John Mellencamp considers his whole career to be a total fluke. Maybe that’s because he never planned for anything in his life and just let the chips fall where they may. As he releases his twenty-fifth studio album, Strictly A One-Eyed Jack, John tells Marc what he learned opening for The Kinks, why he had to take the name Johnny Cougar, why he still hasn’t written something that makes him proud, and why David Letterman’s mom attributed Dave’s career to John.
Nicole Byer hosts the hit shows Nailed It! and Wipeout, is working on her new standup hour, hosts four different podcasts and is starring in the new primetime NBC series Grand Crew. But she still had time to join Marc in the garage so they can try to figure out why they both have such a hard time with physical affection. They also talk about Nicole’s days as an endearingly bad waitress, how she coped with losing both of her parents at a young age, and what few things she actually knows how to bake.
Drew Michael wants his comedy to feel different. He wants the audience to have a unique experience. This mindset actually reminds Marc of his own style of comedy, as well as a few other iconoclastic stand-ups who used their time on stage to get laughs but also get to the bottom of life’s problems. Drew and Marc talk about the combustible nature of experimental comedy, specifically Drew’s new special Red Blue Green. They also talk about how Drew’s childhood hearing loss shaped his life and made comedy a viable way for him to be understood.
Javier Bardem finds lots of inspiration in his native Spain: the art, the creativity, the history, the ham. Marc talks with Javier about the importance of being raised in a creative family, including his uncle who fought the fascists through his films and his mother who was his greatest teacher. They also talk about some of Javier’s most memorable performances in films like No Country for Old Men, Before Night Falls and his recent portrayal of Desi Arnaz in Being the Ricardos.
Marc pays tribute to comedian Bob Saget and revisits his three WTF appearances from September 2010, April 2014 and November 2017. Bob died on January 9, 2022 at age 65.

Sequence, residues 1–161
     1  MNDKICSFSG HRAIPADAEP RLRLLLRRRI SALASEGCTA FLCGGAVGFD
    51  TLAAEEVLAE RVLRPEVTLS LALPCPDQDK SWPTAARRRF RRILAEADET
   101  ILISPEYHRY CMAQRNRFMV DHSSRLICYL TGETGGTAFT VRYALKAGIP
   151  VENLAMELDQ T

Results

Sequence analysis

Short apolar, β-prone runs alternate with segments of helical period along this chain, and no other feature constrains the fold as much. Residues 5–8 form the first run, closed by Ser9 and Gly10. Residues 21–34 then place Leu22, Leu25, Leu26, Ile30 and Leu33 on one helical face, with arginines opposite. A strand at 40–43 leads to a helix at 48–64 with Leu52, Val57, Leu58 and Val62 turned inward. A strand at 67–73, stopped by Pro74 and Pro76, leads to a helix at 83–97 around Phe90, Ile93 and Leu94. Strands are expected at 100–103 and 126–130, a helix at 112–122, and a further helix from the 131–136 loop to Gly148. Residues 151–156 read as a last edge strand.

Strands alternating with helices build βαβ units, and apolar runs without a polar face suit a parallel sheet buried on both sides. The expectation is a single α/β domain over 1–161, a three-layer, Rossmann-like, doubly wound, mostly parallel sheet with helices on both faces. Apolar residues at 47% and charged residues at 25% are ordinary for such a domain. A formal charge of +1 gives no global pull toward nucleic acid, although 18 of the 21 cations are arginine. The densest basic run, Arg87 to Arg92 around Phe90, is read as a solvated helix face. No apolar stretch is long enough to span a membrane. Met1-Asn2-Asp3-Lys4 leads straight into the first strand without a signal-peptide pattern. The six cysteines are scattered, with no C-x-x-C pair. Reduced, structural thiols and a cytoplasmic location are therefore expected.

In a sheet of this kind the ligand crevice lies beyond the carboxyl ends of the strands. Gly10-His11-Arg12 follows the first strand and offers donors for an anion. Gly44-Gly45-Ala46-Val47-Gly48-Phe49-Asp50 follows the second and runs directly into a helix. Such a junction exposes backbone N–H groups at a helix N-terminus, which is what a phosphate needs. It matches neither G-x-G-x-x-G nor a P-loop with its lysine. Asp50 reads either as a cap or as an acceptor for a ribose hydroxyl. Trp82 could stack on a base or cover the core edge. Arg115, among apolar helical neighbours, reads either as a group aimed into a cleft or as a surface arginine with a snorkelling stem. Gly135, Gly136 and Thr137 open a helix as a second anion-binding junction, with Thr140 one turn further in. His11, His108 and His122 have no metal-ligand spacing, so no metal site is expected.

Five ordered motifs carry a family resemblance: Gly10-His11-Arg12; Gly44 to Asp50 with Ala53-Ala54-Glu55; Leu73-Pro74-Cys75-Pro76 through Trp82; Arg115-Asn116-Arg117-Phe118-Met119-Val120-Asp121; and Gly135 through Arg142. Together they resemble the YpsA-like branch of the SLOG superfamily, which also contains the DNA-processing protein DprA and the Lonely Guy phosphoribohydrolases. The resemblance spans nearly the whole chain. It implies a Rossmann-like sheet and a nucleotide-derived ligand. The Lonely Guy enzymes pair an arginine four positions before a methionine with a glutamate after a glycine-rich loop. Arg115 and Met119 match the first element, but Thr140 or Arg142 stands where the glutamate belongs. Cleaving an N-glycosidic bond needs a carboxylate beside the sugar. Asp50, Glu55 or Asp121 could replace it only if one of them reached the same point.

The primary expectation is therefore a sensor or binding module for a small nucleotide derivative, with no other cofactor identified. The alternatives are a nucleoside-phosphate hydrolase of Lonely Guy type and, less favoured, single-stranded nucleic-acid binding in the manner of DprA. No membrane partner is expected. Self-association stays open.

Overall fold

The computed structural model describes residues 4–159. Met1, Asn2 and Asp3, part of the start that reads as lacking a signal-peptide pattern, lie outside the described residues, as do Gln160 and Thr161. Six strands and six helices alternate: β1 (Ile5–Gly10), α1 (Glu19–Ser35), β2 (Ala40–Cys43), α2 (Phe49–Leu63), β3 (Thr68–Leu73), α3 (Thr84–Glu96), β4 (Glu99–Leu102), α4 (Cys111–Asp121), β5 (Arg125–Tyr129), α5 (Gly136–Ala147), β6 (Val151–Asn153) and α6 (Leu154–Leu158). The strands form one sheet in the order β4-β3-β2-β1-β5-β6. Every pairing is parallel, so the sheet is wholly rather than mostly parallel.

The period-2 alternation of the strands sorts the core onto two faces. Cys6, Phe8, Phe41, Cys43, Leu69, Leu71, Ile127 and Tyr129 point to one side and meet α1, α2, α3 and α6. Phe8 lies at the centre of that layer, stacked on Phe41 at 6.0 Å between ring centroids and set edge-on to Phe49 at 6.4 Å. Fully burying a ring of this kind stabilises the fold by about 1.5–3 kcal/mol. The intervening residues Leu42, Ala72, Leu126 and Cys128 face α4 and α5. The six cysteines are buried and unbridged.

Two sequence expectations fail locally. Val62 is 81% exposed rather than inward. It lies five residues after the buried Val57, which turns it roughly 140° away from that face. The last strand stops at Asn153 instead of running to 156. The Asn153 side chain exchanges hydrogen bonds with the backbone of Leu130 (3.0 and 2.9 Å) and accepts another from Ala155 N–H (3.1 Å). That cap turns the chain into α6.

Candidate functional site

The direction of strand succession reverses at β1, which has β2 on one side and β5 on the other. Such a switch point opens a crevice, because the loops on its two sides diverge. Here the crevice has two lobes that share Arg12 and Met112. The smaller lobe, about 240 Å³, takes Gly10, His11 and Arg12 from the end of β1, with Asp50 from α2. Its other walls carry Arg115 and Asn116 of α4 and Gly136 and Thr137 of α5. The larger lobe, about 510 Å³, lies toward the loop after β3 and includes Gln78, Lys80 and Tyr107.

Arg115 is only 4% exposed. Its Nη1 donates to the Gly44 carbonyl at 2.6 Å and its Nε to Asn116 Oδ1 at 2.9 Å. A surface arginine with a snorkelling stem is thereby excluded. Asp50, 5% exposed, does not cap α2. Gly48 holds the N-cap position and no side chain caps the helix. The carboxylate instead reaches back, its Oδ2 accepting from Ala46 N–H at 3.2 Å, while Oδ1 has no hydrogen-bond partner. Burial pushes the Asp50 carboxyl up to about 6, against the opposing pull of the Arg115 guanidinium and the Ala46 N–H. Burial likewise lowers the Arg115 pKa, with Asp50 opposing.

From 2015, Marc talks with director Peter Bogdanovich about his life as a filmmaker, his days in the theater and his friendship with Orson Welles. Peter died on January 6, 2022 at age 82.
Most people who know David Manheim don’t know him as David Manheim. To fans of the Dopey podcast, he’s just Dave (no last name given), a recovering drug addict who built a tight-knit digital community around addiction, recovery and being human. David talks with Marc about how his career in show business fizzled out as addiction took hold of his life and how starting a podcast with a friend he met in recovery was his salvation. They also talk about Dave’s other life at Katz’s Deli and they get into the important hierarchy of deli meats.
Recently, Marc talked with television historian David Bianculli about The Smothers Brothers Comedy Hour and the important place it holds in American culture. Talking with Tom and Dick Smothers themselves, Marc finds that the brothers are as surprised as anyone that they left such an indelible mark. Starting with an act that grew out of the folk music scene, Tom and Dick talk about the evolution of their variety show, how they wound up locking horns with the network that ultimately fired them, and why they’re getting back on stage after 12 years of retirement.
When Rory Cochrane started acting, he knew he didn’t want to be a movie star. He wanted to be a freight train that keeps on moving. Rory tells Marc about the practices and measures he put in place to attain his goal of career longevity and artistic satisfaction. They also talk about why it’s important for him to work on productions where the crew is treated well, why he asked to leave CSI: Miami when it was still the biggest show on TV, and what led to some of his pivotal career moments in movies like Dazed and Confused, Black Mass, and Argo.
Aida Rodriguez wanted her first HBO special to be more than a comedy show. She wanted to depict the parts of her past that are foundational to her comedy. So that’s why she filmed a short documentary about her visits to Puerto Rico and the Dominican Republic, as she reunited with the father she hadn't seen in 40 years. Marc and Aida talk about how she got comedy material out of a life story that included being kidnapped twice, finding herself raising her children without a home, and breaking into the business later in life.